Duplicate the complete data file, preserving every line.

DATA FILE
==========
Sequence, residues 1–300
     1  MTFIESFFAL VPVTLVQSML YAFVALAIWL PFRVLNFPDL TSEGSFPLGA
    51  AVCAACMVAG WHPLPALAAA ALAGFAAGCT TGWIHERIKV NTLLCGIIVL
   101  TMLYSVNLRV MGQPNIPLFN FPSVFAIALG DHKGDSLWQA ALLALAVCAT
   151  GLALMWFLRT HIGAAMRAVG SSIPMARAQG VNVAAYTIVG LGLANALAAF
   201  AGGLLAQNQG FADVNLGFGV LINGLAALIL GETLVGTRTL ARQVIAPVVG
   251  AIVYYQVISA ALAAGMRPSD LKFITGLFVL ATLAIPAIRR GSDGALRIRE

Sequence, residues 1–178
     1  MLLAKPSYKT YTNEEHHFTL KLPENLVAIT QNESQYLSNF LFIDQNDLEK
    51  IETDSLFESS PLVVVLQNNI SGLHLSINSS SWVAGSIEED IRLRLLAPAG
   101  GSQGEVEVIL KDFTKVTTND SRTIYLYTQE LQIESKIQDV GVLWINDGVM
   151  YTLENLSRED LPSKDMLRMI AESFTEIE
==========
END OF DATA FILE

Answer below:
Sequence, residues 1–300
     1  MTFIESFFAL VPVTLVQSML YAFVALAIWL PFRVLNFPDL TSEGSFPLGA
    51  AVCAACMVAG WHPLPALAAA ALAGFAAGCT TGWIHERIKV NTLLCGIIVL
   101  TMLYSVNLRV MGQPNIPLFN FPSVFAIALG DHKGDSLWQA ALLALAVCAT
   151  GLALMWFLRT HIGAAMRAVG SSIPMARAQG VNVAAYTIVG LGLANALAAF
   201  AGGLLAQNQG FADVNLGFGV LINGLAALIL GETLVGTRTL ARQVIAPVVG
   251  AIVYYQVISA ALAAGMRPSD LKFITGLFVL ATLAIPAIRR GSDGALRIRE

Sequence, residues 1–178
     1  MLLAKPSYKT YTNEEHHFTL KLPENLVAIT QNESQYLSNF LFIDQNDLEK
    51  IETDSLFESS PLVVVLQNNI SGLHLSINSS SWVAGSIEED IRLRLLAPAG
   101  GSQGEVEVIL KDFTKVTTND SRTIYLYTQE LQIESKIQDV GVLWINDGVM
   151  YTLENLSRED LPSKDMLRMI AESFTEIE